"Many of our supporters and volunteers were young millennials, and so some of them have never known a mayor other than my predecessor," says Sarmiento.
The veteran city councilman is set to replace Miguel Pulido, who has led the city since 1994.
"It was a really invigorating campaign because they were so excited just to see a change in vision, but more than anything, a change in cycle and a change in generation," says Sarmiento.
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He remembers walking the downtown streets as a young boy, growing up there after his parents arrived as immigrants.
Sarmiento and his wife now have three children, who he says were helpful in reaching a critical demographic.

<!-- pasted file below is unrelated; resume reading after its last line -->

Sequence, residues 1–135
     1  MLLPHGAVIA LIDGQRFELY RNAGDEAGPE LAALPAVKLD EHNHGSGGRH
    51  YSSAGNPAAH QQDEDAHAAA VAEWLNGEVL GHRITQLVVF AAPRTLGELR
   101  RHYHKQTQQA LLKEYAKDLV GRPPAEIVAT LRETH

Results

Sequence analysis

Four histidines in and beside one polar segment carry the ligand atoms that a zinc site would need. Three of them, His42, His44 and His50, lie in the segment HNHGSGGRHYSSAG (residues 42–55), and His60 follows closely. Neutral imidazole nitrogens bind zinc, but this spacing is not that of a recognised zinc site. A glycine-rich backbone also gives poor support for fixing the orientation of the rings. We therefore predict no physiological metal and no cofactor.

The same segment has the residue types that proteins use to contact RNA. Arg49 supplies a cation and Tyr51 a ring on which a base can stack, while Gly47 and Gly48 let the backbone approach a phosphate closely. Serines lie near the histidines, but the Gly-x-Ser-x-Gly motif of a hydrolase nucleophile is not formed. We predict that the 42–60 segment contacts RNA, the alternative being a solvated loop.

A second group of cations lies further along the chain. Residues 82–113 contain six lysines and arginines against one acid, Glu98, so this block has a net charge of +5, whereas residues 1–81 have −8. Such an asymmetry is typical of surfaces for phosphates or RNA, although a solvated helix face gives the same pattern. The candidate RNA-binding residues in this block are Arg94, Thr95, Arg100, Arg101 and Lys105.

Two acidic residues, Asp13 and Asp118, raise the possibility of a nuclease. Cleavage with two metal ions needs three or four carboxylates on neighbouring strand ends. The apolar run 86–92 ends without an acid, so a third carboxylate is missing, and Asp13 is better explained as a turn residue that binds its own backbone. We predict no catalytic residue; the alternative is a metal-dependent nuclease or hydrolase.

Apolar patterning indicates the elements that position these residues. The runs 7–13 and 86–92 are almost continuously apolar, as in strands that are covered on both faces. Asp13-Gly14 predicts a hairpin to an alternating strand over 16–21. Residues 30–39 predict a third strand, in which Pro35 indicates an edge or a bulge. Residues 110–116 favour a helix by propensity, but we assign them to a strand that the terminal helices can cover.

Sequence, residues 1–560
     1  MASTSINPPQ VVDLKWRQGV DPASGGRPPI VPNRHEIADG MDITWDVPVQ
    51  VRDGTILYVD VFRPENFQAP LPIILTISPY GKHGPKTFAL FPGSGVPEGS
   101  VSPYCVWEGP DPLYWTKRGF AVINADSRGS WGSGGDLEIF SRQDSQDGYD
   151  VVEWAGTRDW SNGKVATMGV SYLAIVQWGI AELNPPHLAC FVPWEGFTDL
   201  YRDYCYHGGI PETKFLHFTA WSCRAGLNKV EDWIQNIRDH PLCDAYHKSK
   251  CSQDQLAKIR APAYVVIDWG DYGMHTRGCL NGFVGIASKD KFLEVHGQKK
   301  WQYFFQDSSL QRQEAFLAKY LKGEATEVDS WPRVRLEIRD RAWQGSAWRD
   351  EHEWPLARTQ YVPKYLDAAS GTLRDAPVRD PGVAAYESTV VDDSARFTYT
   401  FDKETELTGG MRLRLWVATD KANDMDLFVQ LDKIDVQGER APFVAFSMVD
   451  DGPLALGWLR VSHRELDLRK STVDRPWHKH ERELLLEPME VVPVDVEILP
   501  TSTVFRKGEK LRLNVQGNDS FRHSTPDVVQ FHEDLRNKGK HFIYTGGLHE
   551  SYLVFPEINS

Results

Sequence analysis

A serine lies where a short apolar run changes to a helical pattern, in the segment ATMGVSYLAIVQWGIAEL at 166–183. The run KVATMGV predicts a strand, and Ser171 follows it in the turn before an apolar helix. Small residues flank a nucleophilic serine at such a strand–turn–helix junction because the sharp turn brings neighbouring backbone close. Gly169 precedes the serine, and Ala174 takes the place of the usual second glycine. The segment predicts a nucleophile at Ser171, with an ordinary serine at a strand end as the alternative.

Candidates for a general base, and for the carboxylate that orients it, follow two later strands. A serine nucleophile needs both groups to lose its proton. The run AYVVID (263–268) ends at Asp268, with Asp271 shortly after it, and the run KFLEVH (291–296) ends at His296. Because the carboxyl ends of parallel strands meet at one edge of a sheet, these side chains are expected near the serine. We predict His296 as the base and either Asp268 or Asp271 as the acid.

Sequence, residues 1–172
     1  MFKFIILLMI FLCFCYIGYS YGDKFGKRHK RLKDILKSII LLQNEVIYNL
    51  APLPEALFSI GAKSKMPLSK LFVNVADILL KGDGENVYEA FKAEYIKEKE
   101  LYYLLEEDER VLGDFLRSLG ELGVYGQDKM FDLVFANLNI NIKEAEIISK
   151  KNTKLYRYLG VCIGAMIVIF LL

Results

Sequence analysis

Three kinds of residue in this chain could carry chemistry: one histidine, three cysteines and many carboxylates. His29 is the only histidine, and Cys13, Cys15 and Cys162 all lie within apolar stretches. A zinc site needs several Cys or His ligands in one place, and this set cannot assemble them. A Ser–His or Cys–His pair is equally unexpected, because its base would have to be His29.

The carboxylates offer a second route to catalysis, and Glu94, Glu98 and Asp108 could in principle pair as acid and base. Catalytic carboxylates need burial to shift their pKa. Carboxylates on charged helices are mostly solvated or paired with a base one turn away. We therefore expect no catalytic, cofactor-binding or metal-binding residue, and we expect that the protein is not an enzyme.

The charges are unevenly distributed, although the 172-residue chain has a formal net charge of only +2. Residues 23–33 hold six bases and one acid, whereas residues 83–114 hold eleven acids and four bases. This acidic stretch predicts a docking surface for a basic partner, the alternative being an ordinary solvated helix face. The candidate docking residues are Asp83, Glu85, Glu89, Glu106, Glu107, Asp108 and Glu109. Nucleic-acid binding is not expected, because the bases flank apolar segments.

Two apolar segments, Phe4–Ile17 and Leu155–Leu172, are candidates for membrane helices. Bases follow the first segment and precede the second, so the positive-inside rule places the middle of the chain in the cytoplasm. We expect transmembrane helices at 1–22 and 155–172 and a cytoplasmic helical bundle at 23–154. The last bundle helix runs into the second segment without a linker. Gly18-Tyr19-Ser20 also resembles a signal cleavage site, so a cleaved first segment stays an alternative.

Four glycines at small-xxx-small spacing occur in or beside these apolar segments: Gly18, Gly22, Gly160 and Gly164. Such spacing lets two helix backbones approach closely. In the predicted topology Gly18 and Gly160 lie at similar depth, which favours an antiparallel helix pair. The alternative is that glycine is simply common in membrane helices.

"I really do owe this victory and this campaign to our young voters here that really felt so vested in their future, so I'm really optimistic about where our city's going," he says.
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His first hurdle will be tackling the city's elevated COVID-19 rates, especially in certain zip codes.
"And seeing how going forward, we might have our own public health director, because we realize we have some unique problems relative to the rest of the 33 cities in the county," says Sarmiento.
He says he's respecting the results as they come in, but will wait until every vote is counted.
"No champagne bottles are gonna be open until the registrar says all the votes are counted. I'm just a nervous guy that way. I'm cautiously optimistic cause the numbers look good," he says.
Once the election results are certified, he would be sworn in on December 8th.
Due to new rules, the city says Sarmiento would be limited to eight years in office, which equals out to four terms.